There’s an intensifying debate heating up among some in the hunting and wildlife management community over the practice of captive deer breeding in the United States, and if you haven’t heard about it in your state, chances are you soon will.
The business of breeding white-tailed deer primarily to obtain large and trophy-class animals for hunting purposes is perhaps entrenched most deeply in Texas, where high-fenced, pay-to-hunt private operations have thrived for decades. Similar ventures exist in other regions, to some degree, but not on the widespread scale that occurs in the Lone Star State.
This year, legislators in Georgia, Indiana, Mississippi, Missouri, N. Carolina, Tennessee and West Virginia are considering measures that could significantly liberalize regulations regarding captive deer breeding in those states, and at least one national conservation organization has come out aggressively opposing such action.
The Georgia-based Quality Deer Management Association (QDMA), a 50,000-member, nonprofit organization dedicated to “ensuring a high-quality and sustainable future for deer and deer hunting,” stepped forward last week to adamantly oppose any expansion of the deer-breeding industry. The QDMA’s action marked the first time any hunter-oriented, conservation-minded national organization has taken a public stand on the controversial issue of deer farming in the country.
And that, in itself, is significant.
Also significant is the fact that a high percentage of QDMA’s leadership includes current or former professional game biologists with a background in agency work and in-the-field experience.
“There are no benefits for deer hunters in the growth of the captive deer-breeding industry—only risks,” Kip Adams, QDMA’s director of education and outreach and a certified wildlife biologist said in a Feb. 22 press release. “It is QDMA’s mission to protect the future of white-tailed deer and our hunting heritage, and we oppose anything that puts those at risk.”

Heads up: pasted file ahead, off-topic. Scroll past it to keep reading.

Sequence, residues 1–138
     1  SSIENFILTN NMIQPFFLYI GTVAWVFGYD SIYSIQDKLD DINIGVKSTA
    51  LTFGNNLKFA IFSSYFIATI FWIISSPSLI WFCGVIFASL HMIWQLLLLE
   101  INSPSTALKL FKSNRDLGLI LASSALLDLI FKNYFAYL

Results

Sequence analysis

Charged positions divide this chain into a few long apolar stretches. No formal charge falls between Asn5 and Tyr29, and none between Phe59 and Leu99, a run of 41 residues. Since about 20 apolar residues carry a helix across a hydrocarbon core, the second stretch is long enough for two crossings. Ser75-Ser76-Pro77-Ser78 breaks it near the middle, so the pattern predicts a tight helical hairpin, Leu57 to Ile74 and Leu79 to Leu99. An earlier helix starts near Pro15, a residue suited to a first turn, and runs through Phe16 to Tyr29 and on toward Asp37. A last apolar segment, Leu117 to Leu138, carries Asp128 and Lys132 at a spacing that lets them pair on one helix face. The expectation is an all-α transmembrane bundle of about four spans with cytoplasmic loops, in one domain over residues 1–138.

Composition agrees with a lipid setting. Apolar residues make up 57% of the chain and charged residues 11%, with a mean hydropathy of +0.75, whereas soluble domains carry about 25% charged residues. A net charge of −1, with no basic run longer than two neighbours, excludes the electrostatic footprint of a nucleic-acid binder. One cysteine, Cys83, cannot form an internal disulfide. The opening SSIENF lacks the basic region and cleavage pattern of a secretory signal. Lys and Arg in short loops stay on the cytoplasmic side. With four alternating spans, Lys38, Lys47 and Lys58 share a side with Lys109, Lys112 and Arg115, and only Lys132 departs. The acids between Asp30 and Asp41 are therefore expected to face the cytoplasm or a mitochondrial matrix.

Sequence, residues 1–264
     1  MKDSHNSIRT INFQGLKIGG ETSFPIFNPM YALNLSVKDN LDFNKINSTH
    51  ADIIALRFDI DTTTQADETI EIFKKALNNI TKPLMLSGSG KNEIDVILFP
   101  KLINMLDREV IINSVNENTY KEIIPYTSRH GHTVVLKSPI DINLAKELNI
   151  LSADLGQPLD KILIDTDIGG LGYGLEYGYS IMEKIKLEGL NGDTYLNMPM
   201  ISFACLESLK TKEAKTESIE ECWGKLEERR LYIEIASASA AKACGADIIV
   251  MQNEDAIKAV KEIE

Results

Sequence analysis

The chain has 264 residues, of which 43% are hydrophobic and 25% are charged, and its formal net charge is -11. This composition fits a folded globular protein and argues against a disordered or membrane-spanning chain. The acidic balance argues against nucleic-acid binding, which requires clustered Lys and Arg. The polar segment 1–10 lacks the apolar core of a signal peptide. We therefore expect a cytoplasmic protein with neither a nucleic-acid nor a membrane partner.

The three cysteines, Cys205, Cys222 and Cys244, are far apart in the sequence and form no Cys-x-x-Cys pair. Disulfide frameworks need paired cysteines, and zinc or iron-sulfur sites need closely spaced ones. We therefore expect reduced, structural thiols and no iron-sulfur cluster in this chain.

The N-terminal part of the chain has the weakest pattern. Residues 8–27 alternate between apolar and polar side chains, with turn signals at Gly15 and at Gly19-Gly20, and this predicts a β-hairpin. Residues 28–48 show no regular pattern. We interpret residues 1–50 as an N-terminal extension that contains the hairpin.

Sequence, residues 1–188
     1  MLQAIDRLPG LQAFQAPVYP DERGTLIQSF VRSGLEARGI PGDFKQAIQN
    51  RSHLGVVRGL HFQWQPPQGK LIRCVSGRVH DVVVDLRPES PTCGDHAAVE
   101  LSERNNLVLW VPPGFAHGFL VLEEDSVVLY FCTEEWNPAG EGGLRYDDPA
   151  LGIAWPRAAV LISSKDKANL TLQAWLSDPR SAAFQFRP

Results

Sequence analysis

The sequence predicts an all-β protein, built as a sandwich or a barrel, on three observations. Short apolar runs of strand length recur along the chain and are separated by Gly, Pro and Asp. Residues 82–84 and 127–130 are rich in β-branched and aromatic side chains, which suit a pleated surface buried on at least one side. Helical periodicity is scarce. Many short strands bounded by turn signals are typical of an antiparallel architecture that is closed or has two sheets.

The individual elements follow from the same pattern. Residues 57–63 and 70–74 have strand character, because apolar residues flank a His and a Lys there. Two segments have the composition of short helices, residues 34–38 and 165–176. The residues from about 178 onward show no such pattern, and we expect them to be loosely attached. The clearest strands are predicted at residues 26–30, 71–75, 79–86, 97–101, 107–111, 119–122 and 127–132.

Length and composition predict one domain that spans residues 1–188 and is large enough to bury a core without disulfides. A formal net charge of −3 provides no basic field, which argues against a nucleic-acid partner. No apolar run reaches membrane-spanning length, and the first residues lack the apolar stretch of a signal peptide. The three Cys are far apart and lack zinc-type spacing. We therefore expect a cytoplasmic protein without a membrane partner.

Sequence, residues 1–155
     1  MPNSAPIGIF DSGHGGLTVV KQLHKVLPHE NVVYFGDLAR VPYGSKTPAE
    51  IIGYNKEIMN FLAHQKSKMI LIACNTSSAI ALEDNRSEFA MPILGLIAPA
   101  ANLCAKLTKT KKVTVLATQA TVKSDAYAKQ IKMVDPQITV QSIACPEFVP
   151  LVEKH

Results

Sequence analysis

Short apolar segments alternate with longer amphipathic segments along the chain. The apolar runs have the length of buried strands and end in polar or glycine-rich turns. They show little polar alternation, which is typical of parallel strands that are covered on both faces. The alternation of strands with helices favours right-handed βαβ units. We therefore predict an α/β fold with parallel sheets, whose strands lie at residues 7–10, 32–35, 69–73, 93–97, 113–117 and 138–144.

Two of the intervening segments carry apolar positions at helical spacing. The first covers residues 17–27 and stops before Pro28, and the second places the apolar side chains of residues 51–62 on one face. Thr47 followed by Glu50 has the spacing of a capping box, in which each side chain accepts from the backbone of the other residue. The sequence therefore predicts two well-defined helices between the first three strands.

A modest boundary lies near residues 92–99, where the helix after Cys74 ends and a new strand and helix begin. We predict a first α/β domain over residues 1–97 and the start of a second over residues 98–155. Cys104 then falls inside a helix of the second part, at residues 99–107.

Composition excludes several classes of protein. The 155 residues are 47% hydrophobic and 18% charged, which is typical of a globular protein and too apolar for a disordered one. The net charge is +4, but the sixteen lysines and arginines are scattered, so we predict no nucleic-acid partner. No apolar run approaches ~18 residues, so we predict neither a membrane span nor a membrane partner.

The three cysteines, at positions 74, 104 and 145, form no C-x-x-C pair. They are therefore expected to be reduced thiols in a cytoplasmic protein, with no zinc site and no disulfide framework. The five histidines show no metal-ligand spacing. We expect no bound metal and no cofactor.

QDMA estimates there are nearly 10,000 deer-breeding operations in North America that sell semen, artificially impregnated does, and live bucks to other breeders and “game preserve” operators to produce white-tailed bucks with enormous, often grotesque antlers.The organization also suggests that chronic wasting disease (CWD) likely arrived in several new states through transportation of live deer, either legally or illegally, and not through natural deer movements.
For the QDMA, there’s no middle ground on the issue of deer breeding for profit. It wants its expansion halted and the jurisdiction for existing facilities to be reassigned to state wildlife agencies.
“Some argue [captive deer-breeding] is an innocent endeavor with no negative impacts to wild deer or the everyday deer hunter. I emphatically and unapologetically disagree,” said QDMA CEO Brian Murphy. “Not only does this industry undermine the North American model of wildlife conservation in which wildlife is a public resource, it also threatens the health of wild deer and the public’s perception of hunting.”
Whatever you think about high-fence hunting and captive deer breeding, you have to admit QDMA has made a gutsy move to take a position on an extremely important issue—and one that should concern all sportsmen.